Reporter's Notebook: How the administration reacted to the crisis in Libya
President Obama greets onlookers outside an Oak Bluffs restaurant on Martha's Vineyard Sunday night.
August 22nd, 2011
06:01 PM ET

Reporter's Notebook: How the administration reacted to the crisis in Libya

(CNN) Martha's Vineyard, MA–Strong words today from President Obama as the situation in Libya deteriorated. "It's clear that Gadhafi's rule is over," the president announced once again calling on the Libyan strongman to step down. But the president cautioned that the situation in Libya remains fluid and his administration continues to monitor "fierce fighting" in some areas.

This on-camera statement from Mr. Obama at his vacation home on Martha's Vineyard ended two days of high-level talks, as well as late night and early morning conference calls with the president’s national security team – all amidst a family vacation.

On Sunday, the CNN team that was part of the White House travel pool gathered in the early morning to follow the president's movements. As the situation in Libya intensified, reporters clamored to find out if the president would speak on camera. The White House’s official response was, "not at this point."

The day progressed and the travel pool followed the president's movements from a morning at the beach to an afternoon of golf and a reception at the oceanfront home of a powerful media executive. And still no statement from the White House on Libya.

As evening approached, the White House alerted the travel pool that the president would be making an "off the record" movement where the press would be able to shoot video. It was finally a chance to see if the president would speak in front of the cameras. FULL POST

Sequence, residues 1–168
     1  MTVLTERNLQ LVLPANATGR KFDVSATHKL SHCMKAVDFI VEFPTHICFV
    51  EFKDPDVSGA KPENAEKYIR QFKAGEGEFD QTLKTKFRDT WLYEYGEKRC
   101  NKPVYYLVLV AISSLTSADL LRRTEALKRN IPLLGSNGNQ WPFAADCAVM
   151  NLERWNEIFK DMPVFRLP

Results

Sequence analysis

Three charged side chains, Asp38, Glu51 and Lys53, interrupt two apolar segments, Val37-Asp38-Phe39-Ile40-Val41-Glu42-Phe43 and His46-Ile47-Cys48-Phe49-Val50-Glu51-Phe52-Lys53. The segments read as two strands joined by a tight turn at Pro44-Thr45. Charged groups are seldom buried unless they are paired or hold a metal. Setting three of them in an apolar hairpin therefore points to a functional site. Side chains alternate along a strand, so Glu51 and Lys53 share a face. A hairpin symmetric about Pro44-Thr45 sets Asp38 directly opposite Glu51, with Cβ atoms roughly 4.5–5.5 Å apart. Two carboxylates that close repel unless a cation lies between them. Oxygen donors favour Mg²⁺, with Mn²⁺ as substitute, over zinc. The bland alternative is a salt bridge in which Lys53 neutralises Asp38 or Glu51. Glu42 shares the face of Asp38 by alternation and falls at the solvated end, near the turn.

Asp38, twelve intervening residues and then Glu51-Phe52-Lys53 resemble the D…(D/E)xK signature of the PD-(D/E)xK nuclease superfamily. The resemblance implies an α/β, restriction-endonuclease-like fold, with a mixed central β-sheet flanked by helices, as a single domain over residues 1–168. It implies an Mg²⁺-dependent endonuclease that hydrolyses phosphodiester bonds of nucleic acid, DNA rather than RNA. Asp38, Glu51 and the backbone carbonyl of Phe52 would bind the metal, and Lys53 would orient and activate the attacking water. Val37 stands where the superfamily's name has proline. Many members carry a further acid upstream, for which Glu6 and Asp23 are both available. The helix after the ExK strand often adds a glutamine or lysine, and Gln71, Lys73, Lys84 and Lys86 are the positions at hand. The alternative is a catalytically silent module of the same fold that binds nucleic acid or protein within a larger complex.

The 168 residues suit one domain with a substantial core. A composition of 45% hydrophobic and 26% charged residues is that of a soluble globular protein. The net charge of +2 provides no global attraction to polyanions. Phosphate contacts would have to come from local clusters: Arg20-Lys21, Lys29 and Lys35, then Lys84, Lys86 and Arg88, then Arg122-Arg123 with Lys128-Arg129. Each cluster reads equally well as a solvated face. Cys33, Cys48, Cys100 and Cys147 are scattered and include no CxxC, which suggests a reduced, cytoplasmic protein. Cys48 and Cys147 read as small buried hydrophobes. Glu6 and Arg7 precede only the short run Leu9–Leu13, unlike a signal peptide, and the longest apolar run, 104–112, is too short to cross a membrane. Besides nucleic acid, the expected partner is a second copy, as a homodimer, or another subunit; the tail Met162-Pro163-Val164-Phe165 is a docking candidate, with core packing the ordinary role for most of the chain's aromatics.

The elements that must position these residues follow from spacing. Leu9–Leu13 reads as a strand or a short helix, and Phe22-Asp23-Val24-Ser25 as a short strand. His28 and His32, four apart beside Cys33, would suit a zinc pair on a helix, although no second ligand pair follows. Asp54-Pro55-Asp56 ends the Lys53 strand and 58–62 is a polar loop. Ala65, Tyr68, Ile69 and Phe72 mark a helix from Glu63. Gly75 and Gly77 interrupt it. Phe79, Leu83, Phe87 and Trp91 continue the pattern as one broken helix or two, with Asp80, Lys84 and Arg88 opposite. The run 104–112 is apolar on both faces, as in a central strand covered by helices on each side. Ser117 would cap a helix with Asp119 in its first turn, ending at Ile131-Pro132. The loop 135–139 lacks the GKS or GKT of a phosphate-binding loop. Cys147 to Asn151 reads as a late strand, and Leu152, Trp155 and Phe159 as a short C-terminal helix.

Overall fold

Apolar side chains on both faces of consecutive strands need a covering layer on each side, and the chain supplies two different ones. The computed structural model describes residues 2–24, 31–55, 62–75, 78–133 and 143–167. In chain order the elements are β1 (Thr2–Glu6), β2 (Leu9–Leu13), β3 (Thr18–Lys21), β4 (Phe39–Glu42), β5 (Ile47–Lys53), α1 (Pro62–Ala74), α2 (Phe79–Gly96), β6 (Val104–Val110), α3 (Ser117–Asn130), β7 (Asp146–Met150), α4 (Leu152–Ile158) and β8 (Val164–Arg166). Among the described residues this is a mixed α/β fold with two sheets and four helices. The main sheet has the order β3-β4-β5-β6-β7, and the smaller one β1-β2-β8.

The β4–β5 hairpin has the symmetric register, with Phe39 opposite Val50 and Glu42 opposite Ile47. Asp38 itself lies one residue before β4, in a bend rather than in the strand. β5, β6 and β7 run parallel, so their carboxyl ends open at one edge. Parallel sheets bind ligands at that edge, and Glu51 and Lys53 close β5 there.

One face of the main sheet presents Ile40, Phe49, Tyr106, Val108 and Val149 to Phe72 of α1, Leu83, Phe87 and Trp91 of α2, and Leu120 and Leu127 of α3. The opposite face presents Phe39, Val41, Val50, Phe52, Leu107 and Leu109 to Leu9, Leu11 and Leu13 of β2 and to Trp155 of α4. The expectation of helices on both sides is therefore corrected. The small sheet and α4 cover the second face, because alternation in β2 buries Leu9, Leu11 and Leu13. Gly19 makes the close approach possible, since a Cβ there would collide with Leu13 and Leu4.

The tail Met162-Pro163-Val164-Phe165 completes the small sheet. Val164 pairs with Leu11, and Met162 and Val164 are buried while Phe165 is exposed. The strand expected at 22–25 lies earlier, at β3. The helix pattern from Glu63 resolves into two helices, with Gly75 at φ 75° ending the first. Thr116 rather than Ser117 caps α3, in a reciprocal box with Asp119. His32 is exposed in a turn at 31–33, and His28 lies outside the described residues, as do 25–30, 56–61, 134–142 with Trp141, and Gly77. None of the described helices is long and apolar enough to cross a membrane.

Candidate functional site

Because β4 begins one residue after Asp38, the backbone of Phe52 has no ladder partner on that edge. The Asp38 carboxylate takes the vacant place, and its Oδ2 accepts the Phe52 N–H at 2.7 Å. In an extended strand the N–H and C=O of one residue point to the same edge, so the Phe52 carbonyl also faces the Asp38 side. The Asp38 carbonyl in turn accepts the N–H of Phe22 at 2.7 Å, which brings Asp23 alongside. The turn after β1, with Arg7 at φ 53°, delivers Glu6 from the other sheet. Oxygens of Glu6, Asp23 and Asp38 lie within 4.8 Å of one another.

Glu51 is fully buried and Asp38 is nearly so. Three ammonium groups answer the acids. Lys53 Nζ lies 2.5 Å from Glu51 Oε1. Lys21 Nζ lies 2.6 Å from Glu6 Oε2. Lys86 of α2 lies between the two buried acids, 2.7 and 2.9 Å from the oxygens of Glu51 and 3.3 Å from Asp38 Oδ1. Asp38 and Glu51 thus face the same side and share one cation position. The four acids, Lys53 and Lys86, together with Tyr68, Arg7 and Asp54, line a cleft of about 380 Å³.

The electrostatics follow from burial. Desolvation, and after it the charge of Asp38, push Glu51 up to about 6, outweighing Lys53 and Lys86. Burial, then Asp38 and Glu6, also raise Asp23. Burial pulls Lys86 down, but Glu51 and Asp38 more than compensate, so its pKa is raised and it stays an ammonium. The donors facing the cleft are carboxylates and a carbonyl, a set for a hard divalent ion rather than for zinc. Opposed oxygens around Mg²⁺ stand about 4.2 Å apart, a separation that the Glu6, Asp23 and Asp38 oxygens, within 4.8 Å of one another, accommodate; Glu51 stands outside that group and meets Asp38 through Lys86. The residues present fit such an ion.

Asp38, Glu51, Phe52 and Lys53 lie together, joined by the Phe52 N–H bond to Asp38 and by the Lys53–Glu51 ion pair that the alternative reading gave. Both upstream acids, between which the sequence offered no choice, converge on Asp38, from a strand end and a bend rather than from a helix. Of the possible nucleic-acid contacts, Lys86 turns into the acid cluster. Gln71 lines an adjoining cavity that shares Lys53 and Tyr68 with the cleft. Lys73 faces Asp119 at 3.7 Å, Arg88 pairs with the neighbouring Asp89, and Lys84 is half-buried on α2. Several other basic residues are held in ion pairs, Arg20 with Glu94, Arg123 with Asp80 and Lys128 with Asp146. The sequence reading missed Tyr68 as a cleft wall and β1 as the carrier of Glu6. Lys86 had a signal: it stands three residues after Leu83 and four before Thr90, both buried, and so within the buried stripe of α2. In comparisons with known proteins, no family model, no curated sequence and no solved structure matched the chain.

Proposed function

Obama makes statement on Libya from Martha's Vineyard
August 22nd, 2011
04:27 PM ET

Obama makes statement on Libya from Martha's Vineyard

While on vacation on Martha's Vineyard, the president made a brief statement this afternoon on the developing situation in Libya. Speaking to the small group of traveling press with him on the island, the president began by stating that he's been kept abreast of the situation despite being away from Washington:

I just completed a call with my National Security Council on the situation in Libya. And earlier today I spoke to Prime Minister Cameron about the extraordinary events taking place there. The situation is still very fluid. There remains a degree of uncertainty and there are still regime elements who pose a threat. But this much is clear: The Qaddafi regime is coming to an end, and the future of Libya is in the hands of its people.

The president summarized U.S. military involvement in Libya, beginning with the "peaceful protests" earlier this year and culminating with international recognition of the Transitional National Council as the "legitimate governing authority in Libya." And then he outlined the current situation:

Over the last several days, the situation in Libya has reached a tipping point as the opposition increased its coordination from east to west, took town after town, and the people of Tripoli rose up to claim their freedom.

For over four decades, the Libyan people have lived under the rule of a tyrant who denied them their most basic human rights. Now, the celebrations that we’ve seen in the streets of Libya shows that the pursuit of human dignity is far stronger than any dictator. I want to emphasize that this is not over yet. As the regime collapses, there is still fierce fighting in some areas, and we have reports of regime elements threatening to continue fighting. FULL POST


Topics: Libya • President Obama